Serving Valley Veterans
Our Valley’s veterans hail from all backgrounds and represent what is great about our nation. The debt we owe to these selfless individuals and their families is immeasurable and we must always deliver on the promises made to those who stand up to protect our freedom and values.
Every day we have the responsibility to assist our service members and it is my personal mission to help our Valley’s veterans access the benefits they have earned and deserve. Since taking office, I have helped over 1,000 Valley veterans cut through red tape at the Veterans Administration (VA) or other federal agencies to access their health care, social security checks, and even medals. If you or a veteran you know is having difficulty with the VA or federal government, I encourage you to call my office in Fresno at (559) 495-1620.
Along with working with our veterans personally, I have fought to secure funding for programs and pass legislation that will benefit members of our armed services.
Fresno Veterans Home
One of the greatest achievements for our veterans can be found right here in our Valley. After we fought to secure $92 million in funding and a location, I was able to join with local veterans and leaders to break ground on the first ever Veterans Home in Fresno County. In 2013, we opened the Fresno Veterans Home, which includes a 120-bed nursing home and a 180-bed domiciliary. Construction of the home created nearly 1000 jobs in the Fresno area.
Reducing the VA Backlog
Veterans in the Central Valley know all too well the severe backlogs that plague the Oakland and Los Angeles Veterans Affairs Regional Offices. When the VA announced that not one California benefits office would implement a pilot program to reduce the backlog, I urged the VA to reverse its decision and received a commitment from the VA for additional staff and training at the Oakland office. I also instructed the government watchdog agency to investigate the Los Angeles office and provide recommendations for how to reduce the backlog.
Legislation for Veterans
With over one million unemployed veterans in the United States today, it is imperative for us to find ways in which we can ease their transition to civilian life. One of the best ways to facilitate that transition is by helping them find gainful employment. That’s why I was proud to support the VOW to Hire Heroes Act. This law helps our veterans by expanding education and training programs; educating separating service members on how their military skills and training can be easily adapted in civilian life; allowing service members to begin the federal employment process prior to their separation; and providing a veterans tax credit to businesses that hire veterans.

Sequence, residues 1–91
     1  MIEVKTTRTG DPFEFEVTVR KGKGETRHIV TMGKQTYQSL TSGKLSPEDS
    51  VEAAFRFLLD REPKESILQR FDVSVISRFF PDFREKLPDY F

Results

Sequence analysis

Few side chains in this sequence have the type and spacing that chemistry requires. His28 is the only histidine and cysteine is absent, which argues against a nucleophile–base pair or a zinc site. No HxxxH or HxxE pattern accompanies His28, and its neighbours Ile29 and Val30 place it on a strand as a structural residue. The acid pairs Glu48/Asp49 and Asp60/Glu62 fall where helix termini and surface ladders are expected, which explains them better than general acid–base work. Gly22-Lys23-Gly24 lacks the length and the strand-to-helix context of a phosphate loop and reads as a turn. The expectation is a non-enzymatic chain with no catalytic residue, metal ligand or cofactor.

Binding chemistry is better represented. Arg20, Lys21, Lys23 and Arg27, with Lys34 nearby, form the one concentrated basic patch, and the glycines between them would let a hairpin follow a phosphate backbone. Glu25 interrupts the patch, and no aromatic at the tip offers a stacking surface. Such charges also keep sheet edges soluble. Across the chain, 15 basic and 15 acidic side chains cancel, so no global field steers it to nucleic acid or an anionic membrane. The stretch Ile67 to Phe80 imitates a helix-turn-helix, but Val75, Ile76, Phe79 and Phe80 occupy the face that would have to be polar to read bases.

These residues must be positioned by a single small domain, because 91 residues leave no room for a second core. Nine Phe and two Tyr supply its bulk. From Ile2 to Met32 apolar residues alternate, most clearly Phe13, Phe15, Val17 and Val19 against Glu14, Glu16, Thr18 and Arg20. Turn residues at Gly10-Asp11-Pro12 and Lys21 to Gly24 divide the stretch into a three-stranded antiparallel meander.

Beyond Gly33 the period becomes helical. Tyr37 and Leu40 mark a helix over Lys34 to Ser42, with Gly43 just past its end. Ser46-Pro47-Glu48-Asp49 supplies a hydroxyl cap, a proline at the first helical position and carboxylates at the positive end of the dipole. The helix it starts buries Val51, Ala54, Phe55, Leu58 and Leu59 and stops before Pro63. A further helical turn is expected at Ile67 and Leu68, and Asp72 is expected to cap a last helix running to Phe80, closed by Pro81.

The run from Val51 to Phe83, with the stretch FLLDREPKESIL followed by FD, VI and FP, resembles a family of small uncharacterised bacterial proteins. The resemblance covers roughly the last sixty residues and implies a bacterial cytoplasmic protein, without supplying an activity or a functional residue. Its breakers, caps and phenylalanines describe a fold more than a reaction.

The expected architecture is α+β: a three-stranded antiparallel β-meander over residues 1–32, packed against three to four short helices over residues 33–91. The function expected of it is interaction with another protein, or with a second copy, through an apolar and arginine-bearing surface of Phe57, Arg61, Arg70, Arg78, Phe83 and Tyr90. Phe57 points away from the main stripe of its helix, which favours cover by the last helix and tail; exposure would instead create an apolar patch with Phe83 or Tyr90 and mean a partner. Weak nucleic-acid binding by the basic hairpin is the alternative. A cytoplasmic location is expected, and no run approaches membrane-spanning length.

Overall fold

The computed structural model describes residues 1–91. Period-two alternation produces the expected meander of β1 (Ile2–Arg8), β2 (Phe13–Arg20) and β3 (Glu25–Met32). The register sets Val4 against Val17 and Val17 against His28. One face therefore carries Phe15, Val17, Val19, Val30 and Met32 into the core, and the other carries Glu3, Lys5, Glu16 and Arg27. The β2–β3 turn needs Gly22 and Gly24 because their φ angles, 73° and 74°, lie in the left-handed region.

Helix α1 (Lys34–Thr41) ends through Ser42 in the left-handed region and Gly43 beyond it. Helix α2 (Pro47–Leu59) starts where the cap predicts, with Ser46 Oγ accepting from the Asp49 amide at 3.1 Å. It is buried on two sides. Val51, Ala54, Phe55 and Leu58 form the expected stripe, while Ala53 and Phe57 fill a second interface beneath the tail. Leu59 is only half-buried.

The President also signed another bill that passed the House with my strong support, the Restoring GI Bill Fairness Act of 2011. In 2008, Congress passed the Post-9/11 GI Bill, landmark legislation that restored the promise of a four-year education for veterans of the wars in Iraq and Afghanistan. This law builds upon the success of the Post-9/11 GI Bill by increasing the amount of educational assistance available to student veterans attending private universities and colleges.
Because just one veteran falling asleep at night without a permanent roof over his or her head is one veteran too many, I fought to secure $1 million to help homeless and at-risk veteran families in the Valley find sustainable, stable housing. Ending homelessness among veterans and their families once and for all must be a national goal.
On the battlefield, the military pledges to leave no soldier behind. Let it be our pledge that when they return home, we leave no veteran behind.
More on Serving Valley Veterans
The Korean War had been raging for two years when Riverdale native Bill Robinett spent his first night in a trench in Korea. He was 22 and scared.
“It was very scary, of course, especially the first week and first night,” says Robinett, now 85 and living in Fresno. “We were in our trench and they (North Koreans) were in their trench about a quarter-mile away and it was a case of who could shoot the most at each other.
Bill Robinett of Fresno is a Korean War veteran who will be traveling to Washington, D.C. with the Central Valley Honor Flight.
At only seven years old, Brandon Colwell knows the importance of honoring his grandfather and great-grandfather.
"These people were fighting and because of the Civil War," Brandon said.
His grandfather Don Colwell says they attend the Memorial Day ceremony at Memorial Gardens every year, and they sit next to a veteran's grave that's very special, his father's.\
"It's the closest we can get to him on earth, and he's just very special," Colwell said.
Hundreds gathered Monday to honor those who gave the ultimate sacrifice.
Though Memorial Day commemorates the men and women who have died in U.S. military service, chaplain Capt. Kenneth Cain stressed to a crowd here Sunday the importance of remembering and honoring all veterans who have died.
“Not all who sleep here died in combat or were even in a combat arena,” he told the roughly 600 people who attended a Memorial Day service at San Joaquin Valley National Cemetery.